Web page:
Progressive vs. Lined Bifocals

Has your eye doctor mentioned the “B” word to you? As in, “You are getting to that stage of your life when you need BIFOCALS.”

Well, the eye doctor probably doesn’t shout but it can sure reverberate in your mind if you forgot you were nearing “that time of your life.” Or thought it might bypass you entirely.

Many of us wouldn’t be caught dead wearing these glasses with a big seam across the middle. Talk about grandma glasses! But it seems like it is either this or spend the rest of your days stretching your arms so you can hold your reading material far enough away.

Guess what! You don’t have to. Optical science has come to the rescue and developed a more subtle type of bifocal – the progressive lens.

Progressive Lenses Are Not (Just) Bifocals

We call them no-line bifocals because that is something familiar to most of us. But progressive lenses are actually considered to be multifocal because different parts of the lens provide different focus zones from near to intermediate to far. So they can also substitute for those strange-looking trifocal lenses.

A progressive lens is made so that a more natural and subtle translation is made between near and far vision. It can also be designed for the activities you normally do.

With the old bifocals the only adjustment that could be made to the lens as a whole was how big to make one half or the other. If you did a lot of close detail work, the bottom portion could be made larger or even placed at the top. If you only did a little close work or reading, the near half of the lens could be made smaller.

Progressive lenses, first of all, do not have the obvious divide between areas of different focus. In addition, progressives are not cut into a top half and bottom half. If you were able to see the differences in the lens it would look more like this:

Adjusting to Progressives

Adjusting to progressives is a lot like adjusting to any other new lens prescription. It just takes time to get used to it. But if you have never worn glasses before, expect things to look a little distorted until your eyes get used to them.

The nice thing with progressives is that there is no sudden transition from near to far vision like there is with lined bifocals. This may speed adjustment for you. There is no jump in vision when you move your head.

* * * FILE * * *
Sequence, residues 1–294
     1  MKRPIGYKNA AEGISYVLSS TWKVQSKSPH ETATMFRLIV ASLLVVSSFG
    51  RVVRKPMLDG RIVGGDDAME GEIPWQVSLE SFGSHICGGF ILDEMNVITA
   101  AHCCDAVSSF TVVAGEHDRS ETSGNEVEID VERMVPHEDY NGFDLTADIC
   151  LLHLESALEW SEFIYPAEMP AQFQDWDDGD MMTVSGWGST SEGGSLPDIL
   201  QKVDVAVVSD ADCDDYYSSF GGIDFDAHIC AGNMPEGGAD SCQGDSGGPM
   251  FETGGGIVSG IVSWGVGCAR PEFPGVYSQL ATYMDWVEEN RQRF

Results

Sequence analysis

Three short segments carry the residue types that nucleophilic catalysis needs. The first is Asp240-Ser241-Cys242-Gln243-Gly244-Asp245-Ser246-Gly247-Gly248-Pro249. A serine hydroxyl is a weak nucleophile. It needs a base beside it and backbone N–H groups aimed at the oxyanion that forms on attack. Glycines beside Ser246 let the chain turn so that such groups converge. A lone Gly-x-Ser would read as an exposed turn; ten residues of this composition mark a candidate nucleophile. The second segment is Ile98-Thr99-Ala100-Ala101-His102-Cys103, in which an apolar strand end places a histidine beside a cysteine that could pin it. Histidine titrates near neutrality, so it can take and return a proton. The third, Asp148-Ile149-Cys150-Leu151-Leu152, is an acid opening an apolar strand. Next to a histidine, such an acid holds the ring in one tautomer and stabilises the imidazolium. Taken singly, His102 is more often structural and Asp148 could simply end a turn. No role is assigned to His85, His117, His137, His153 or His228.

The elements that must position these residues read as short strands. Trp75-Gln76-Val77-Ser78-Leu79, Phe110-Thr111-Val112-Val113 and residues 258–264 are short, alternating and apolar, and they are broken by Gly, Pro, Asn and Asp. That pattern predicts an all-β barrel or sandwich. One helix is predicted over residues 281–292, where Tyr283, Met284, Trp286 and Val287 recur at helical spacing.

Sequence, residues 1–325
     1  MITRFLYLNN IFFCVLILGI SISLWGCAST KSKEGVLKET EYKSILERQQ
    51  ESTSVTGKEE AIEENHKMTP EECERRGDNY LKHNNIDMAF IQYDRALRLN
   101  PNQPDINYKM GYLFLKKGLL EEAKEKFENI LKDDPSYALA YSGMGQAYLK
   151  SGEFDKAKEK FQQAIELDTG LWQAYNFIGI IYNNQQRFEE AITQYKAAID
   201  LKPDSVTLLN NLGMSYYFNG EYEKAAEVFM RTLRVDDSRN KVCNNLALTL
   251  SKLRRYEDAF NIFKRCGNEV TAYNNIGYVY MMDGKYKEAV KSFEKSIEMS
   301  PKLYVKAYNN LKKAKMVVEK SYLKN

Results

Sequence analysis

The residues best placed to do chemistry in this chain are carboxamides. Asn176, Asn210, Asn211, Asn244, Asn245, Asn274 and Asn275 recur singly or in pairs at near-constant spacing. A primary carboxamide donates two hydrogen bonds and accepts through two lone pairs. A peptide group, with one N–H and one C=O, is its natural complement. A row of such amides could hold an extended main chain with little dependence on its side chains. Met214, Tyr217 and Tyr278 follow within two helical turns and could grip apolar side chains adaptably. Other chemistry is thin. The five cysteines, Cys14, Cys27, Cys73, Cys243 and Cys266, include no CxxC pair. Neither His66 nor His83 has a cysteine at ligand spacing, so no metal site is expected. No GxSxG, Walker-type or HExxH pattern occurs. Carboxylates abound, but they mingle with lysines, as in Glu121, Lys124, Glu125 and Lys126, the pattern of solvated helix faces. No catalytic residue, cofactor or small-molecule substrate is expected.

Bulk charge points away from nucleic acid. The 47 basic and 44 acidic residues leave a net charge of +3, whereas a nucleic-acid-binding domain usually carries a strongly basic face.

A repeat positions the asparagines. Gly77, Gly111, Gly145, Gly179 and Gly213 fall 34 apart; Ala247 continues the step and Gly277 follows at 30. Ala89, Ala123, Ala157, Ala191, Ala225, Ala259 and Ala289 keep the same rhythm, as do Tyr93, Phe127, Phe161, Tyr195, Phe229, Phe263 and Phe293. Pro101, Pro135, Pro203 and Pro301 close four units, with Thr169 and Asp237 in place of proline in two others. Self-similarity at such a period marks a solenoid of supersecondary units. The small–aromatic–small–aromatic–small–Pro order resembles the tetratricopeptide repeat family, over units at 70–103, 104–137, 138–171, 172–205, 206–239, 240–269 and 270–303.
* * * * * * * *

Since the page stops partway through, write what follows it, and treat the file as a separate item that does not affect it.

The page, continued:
There are, however, differences between progessives, too. A basic progressive is made so that if you point your nose where you want to see you will probably get the right focal zone for your purposes.

Premium progressives are designed to provide wider fields of vision at the varied distances, which will minimize how much you have to move your head around to see, providing a larger “sweet spot” and clearer vision. They also have a much shorter adaptation time as compared to the more basic versions. Premium progressives can be extremely customized to your occupation and even the specific design of the frame you selected for your eyewear.

When your optician goes over the lens order, you will be asked what you tend to do the most. If you work at a computer, progressive lens focal zones can be adjusted to optimize your vision while staring at a screen. There are many possibilities available and your optician will guide you through this process to make sure your selection best suits your lifestyle.

Progressive lenses are called that because the lens focus progresses across multiple focal zones. But they are also progressive when measured against the lined bifocals of your parent’s or grandparent’s time.

Learn more about what we do and how we can help you at Clarke EyeCare Center.

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